As first reported in an exclusive from The Spectator, Committee on Homeland Security Chairman Mark E. Green, MD (R-TN) and Representative Dan Bishop (R-NC) are demanding answers from the Transportation Security Administration (TSA) on how a Switzerland-based cyber actor was able to access recent versions of the Federal Terrorist Screening Dataset, as well as a version of the No-Fly List. With full jurisdiction of TSA, the Committee will be conducting the necessary oversight to ensure the security of America’s transportation systems and the defense of civil rights and liberties.
In a letter to TSA Administrator Pekoske Chairman Green and Rep. Bishop wrote, “Based on this reporting, the Committee understands that as many as 1.5 million data entries, including names, dates of birth, and aliases of individuals prohibited from flying into, out of, within, or over the United States was accessed on an unsecure Amazon Web Services server belonging to CommuteAir, which operates flights exclusively for United Airlines across several major hubs in the United States, including Washington Dulles, Denver, and Houston.”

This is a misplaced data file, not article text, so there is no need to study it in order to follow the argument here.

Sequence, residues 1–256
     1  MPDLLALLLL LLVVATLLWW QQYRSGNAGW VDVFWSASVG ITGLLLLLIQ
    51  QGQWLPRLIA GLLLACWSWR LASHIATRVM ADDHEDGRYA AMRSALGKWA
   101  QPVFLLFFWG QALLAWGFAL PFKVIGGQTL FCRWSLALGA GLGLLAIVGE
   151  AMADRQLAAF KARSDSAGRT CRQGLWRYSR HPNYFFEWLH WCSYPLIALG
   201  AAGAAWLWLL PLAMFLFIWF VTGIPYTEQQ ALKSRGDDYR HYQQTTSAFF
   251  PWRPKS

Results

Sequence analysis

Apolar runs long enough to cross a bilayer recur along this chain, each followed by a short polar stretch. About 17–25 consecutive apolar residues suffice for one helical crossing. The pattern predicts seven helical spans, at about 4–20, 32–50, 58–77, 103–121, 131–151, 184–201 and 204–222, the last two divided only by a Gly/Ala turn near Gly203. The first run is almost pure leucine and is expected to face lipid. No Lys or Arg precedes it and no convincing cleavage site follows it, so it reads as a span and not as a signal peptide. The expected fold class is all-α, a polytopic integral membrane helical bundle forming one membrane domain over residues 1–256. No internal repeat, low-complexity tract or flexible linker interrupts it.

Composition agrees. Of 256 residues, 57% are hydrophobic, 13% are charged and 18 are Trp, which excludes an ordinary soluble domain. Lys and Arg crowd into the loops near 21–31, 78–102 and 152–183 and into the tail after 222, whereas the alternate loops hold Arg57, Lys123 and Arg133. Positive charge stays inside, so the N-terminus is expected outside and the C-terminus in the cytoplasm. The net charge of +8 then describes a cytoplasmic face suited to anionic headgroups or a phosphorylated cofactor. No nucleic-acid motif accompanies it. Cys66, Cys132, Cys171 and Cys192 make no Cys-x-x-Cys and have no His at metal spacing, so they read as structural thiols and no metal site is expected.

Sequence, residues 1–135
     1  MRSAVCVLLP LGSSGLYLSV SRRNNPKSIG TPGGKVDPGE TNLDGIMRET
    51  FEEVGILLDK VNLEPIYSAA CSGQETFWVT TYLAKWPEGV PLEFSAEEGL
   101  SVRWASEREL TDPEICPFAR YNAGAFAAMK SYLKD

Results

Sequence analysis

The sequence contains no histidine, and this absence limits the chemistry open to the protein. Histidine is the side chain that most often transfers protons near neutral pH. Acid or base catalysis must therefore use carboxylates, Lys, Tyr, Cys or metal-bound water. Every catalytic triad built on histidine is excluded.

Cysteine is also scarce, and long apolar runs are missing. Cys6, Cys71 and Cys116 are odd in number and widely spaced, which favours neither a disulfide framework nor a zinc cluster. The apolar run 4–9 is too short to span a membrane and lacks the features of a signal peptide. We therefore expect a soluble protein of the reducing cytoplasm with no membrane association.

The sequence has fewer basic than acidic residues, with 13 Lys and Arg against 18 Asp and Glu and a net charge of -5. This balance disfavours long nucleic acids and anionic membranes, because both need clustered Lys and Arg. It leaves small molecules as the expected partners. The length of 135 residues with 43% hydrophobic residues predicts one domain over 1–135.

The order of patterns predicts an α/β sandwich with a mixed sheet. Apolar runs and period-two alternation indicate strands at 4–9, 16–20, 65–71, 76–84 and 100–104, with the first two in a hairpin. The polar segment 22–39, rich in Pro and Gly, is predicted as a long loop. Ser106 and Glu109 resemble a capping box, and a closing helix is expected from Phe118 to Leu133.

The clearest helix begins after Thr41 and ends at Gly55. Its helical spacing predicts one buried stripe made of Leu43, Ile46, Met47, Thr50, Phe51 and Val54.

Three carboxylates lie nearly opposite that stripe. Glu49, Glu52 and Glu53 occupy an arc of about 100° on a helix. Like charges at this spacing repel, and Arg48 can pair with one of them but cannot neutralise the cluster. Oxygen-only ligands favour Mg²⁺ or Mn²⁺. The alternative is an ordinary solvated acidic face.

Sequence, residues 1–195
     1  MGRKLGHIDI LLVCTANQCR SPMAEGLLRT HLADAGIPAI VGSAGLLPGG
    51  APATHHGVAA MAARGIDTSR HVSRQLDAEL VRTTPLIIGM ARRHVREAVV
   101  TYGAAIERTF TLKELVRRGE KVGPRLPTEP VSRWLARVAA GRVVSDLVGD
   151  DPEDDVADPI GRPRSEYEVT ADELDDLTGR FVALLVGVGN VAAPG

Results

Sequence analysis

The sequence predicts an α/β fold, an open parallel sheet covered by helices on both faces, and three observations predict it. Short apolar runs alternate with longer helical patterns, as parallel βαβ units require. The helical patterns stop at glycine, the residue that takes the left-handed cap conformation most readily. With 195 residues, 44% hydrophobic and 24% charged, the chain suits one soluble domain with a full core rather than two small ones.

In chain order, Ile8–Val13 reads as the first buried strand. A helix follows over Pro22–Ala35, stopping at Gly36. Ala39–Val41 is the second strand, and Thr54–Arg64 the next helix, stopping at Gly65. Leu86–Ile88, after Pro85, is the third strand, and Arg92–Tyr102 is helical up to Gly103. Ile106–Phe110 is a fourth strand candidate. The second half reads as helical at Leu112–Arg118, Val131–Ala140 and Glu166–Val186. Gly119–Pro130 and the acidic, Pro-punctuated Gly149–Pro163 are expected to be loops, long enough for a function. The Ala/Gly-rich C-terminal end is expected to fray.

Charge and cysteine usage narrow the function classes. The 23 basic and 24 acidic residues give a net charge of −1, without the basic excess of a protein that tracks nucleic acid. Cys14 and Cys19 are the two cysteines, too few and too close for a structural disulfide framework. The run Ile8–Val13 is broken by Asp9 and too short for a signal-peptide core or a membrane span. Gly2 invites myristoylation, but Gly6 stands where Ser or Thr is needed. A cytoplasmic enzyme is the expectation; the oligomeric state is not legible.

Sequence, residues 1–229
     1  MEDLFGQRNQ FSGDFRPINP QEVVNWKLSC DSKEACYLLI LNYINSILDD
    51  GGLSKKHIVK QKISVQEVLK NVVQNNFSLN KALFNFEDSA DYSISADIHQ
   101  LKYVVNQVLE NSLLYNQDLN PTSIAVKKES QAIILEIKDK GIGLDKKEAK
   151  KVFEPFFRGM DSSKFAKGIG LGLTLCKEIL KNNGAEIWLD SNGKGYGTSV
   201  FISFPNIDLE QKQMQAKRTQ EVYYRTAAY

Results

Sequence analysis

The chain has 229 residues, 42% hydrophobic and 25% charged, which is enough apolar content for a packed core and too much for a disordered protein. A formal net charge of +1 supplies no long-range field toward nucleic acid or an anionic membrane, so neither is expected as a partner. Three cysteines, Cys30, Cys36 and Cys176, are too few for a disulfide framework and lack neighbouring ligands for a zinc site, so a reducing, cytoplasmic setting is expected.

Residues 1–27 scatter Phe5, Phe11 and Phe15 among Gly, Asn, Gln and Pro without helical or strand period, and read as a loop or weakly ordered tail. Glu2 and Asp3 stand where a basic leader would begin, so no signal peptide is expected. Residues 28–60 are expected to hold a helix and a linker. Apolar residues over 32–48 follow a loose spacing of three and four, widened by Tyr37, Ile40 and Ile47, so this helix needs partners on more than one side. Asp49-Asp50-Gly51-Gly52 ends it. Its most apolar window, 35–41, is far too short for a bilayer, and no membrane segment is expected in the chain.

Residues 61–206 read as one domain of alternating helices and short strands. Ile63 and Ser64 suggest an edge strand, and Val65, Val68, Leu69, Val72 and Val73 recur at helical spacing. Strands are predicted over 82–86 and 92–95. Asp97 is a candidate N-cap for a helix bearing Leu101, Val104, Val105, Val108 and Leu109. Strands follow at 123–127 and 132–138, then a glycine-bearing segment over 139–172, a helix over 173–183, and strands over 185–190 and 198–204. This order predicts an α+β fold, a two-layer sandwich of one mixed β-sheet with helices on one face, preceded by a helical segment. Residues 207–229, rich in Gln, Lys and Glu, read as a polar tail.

The Members continued, “Additionally, the hacker claimed they may have been able to exploit their access to the server to cancel or delay flights and even switch out crew members. If this were to be the case, the national security implications of this are alarming. As you are keenly aware, the transportation systems sector is one of 16 critical infrastructure sectors in the United States, ensuring the free movement of people and goods essential to the American economy and way of life. The notion that such a consequential database be left unsecure is a matter concerning cybersecurity, aviation security, as well as civil rights and liberties.”